Federal aid needed after entire towns leveled in Oklahoma. Will their own Senators support it?

slide_298526_2483018_freeRepublicans have been advocating and fighting for budget cuts for the past 5 years (since Obama became president).  Before then they had no problem running up the deficit on worth while things like the well planned wars in Iraq and Afghanistan.  But that is beside the point.  What I’m trying to say is that republicans have become these fiscally conservative ideologues the past few years.  It is well and good to stick by this idea until…you need money.  There are no better examples of this than when disasters strike.  This past week a horrific string of tornadoes struck Oklahoma leaving entire towns in ruins and hundreds of people injured (latest death count at 24).  It is unknown the exact extent of the damages but experts estimate that it could be over $2 billion.  How do people come back to a normal state when they lost everything, (which is often the case in disasters like this)?

Some may say that private insurance companies have the responsibility to restore the lives of people who purchased the insurance.  I agree.  Insurance companies own their customers what they paid for.  They must fulfill the contract that they signed with the customer.  But, as we have seen with recent tragedies, insurance companies can’t keep up with claims.  People are still waiting for insurance claims to be settled from Hurricane Sandy damages.

So then, who is to fill in the gap for the people who need support these times of extreme need: the government.  We expect and rely on the government to provide the first responders during natural disasters.  We expect the government to rebuild the devastated infrastructure.  These are things that we need the government for.  I believe that this relationship is an essential part of the social contract that we enter into as a citizen of the United States.  Government funding for disaster relief has, however, come under scrutiny in the past few years.  Hurricane Sandy relief was delayed nearly a month by house republicans.  It passed in mid-January with a number of house republicans still voting against helping the people of the northeast. 179 house republicans introduced an amendment which stated that spending cuts on social and other domestic programs would need to happen as a part of the relief package.  That was defeated and the people of the North east were given government aid.  Those who voted against Sandy relief almost all represented states that reside outside of the northeast.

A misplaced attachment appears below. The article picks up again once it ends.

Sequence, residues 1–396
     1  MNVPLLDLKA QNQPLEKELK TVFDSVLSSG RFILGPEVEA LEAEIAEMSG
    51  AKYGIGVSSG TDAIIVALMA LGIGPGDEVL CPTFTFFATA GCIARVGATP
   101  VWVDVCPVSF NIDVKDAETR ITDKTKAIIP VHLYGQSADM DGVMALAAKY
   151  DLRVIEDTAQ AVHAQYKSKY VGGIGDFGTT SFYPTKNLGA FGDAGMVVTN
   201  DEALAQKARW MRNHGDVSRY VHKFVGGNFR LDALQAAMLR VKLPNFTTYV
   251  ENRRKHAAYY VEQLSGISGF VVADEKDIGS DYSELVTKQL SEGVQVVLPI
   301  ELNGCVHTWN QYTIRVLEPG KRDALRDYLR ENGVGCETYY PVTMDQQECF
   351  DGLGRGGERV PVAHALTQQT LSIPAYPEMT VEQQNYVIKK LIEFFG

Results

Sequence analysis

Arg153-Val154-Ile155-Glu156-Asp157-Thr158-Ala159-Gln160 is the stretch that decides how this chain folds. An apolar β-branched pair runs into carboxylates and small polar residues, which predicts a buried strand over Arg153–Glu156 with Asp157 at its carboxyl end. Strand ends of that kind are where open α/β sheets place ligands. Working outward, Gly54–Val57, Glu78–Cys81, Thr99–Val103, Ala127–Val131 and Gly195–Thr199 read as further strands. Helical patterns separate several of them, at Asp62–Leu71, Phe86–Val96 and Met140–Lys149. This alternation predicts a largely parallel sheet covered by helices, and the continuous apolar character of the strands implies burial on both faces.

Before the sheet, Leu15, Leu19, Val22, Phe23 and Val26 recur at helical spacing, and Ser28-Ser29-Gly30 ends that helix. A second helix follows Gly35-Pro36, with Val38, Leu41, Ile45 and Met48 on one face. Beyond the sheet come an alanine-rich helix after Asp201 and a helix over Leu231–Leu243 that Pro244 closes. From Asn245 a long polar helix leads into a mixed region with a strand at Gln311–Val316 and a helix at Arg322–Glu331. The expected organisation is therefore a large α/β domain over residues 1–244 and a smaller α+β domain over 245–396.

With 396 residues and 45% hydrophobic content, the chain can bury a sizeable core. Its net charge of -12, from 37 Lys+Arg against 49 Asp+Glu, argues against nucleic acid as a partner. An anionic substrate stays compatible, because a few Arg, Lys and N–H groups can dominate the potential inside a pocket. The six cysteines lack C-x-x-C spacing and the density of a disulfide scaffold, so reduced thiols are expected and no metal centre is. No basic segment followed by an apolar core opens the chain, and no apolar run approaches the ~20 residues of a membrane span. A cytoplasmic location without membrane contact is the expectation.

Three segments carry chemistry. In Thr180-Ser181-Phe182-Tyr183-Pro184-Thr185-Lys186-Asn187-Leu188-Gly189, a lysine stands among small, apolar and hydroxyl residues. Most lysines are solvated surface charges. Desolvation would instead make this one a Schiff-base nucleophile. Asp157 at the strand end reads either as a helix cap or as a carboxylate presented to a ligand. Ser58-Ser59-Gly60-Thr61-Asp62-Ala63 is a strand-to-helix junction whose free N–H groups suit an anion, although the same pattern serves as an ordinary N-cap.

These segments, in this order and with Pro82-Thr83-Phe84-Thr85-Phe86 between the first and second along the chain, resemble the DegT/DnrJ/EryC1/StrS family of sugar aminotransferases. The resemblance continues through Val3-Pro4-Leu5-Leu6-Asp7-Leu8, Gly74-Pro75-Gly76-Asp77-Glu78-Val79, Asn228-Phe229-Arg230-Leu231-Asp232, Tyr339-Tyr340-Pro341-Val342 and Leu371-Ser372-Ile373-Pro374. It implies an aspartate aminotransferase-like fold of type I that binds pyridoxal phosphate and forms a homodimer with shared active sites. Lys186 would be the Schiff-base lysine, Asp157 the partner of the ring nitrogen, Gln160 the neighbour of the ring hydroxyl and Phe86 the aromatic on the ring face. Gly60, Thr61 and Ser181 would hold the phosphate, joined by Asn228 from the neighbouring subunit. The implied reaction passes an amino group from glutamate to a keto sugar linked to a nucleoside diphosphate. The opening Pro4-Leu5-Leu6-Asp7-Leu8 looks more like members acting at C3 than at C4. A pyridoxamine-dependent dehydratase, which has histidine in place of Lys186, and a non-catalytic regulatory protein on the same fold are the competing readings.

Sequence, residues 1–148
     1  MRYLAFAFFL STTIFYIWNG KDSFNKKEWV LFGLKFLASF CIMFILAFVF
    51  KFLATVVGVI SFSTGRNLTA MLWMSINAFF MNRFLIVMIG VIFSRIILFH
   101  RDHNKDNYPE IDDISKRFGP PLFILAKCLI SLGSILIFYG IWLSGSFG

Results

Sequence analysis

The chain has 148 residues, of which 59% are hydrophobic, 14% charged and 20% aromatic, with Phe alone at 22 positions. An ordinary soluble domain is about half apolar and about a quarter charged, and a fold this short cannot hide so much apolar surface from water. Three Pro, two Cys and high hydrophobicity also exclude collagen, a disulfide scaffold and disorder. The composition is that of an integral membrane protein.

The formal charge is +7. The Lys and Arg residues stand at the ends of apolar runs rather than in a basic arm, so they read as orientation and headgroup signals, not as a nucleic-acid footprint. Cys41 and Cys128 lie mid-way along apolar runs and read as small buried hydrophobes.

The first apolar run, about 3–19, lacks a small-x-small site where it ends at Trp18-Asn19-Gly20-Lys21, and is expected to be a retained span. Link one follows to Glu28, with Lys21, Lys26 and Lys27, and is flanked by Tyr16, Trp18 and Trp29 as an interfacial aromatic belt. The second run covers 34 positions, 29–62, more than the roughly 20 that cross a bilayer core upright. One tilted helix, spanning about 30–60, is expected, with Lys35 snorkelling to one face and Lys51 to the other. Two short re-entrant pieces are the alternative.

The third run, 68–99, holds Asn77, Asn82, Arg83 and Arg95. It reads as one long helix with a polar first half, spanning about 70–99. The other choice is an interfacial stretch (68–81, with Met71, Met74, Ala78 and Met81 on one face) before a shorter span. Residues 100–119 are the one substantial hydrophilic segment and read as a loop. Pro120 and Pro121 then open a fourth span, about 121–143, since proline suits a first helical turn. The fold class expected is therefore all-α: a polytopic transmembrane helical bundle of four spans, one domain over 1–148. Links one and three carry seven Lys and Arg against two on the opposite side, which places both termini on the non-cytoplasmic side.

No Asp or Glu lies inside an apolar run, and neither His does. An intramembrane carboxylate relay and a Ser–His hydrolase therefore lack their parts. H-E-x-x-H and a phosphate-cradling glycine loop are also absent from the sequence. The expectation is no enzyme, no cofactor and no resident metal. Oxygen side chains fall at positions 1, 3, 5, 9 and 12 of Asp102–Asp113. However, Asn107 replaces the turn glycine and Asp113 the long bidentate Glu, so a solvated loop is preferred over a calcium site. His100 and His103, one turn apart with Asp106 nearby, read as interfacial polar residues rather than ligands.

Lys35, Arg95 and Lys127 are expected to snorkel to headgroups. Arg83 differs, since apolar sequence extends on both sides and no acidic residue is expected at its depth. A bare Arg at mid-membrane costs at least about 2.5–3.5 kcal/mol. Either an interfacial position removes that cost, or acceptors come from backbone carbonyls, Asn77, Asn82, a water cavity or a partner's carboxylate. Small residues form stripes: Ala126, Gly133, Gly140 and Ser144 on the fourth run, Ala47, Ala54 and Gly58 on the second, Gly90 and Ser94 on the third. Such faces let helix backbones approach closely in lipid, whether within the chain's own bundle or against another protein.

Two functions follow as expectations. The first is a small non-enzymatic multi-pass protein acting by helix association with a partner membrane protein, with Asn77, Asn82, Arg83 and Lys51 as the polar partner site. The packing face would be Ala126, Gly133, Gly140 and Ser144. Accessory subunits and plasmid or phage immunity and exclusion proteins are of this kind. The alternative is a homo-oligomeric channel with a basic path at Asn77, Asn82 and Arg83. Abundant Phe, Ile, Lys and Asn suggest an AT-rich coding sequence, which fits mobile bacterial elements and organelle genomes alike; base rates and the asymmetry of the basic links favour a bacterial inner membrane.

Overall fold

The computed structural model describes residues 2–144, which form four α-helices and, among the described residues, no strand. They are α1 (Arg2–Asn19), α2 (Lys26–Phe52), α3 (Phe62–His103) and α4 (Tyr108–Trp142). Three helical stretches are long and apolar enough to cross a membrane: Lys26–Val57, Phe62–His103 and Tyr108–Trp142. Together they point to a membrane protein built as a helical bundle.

Coburn (left) and Inhofe (right)

This whole situation begs the question.  What if every representative and senator from outside of Oklahoma decided to deny federal aid to the affected communities?  Lets hope that doesn’t happen.  Lets hope that our elected officials recognize that helping the nation during and after a natural disaster is one of the essential roles of the government.  Inhofe tweeted on Monday, “The devastation in Oklahoma is heartbreaking. Please join me and #PrayforOklahoma. Spread the word”.  Prayers alone will not build up these destroyed communities.


2 thoughts on “Federal aid needed after entire towns leveled in Oklahoma. Will their own Senators support it?

  1. It’s hard to comment on the total douchiness of these guys without rambling incoherently. They’ve been in Congress so long with their six figure incomes, which they voted to raise automatically, great health insurance and all the rest of the perks that go along with being a Senator that they just can’t imagine what’s wrong with “those people” who need “big government” to help them out. In pioneer times, people just went out and sawed some logs and built their homes all over again – with their bare hands. Those were some “Real Americans.”

Leave a Reply

Fill in your details below or click an icon to log in:

WordPress.com Logo

You are commenting using your WordPress.com account. Log Out /  Change )

Google+ photo

You are commenting using your Google+ account. Log Out /  Change )

Twitter picture

You are commenting using your Twitter account. Log Out /  Change )

Facebook photo

You are commenting using your Facebook account. Log Out /  Change )


Connecting to %s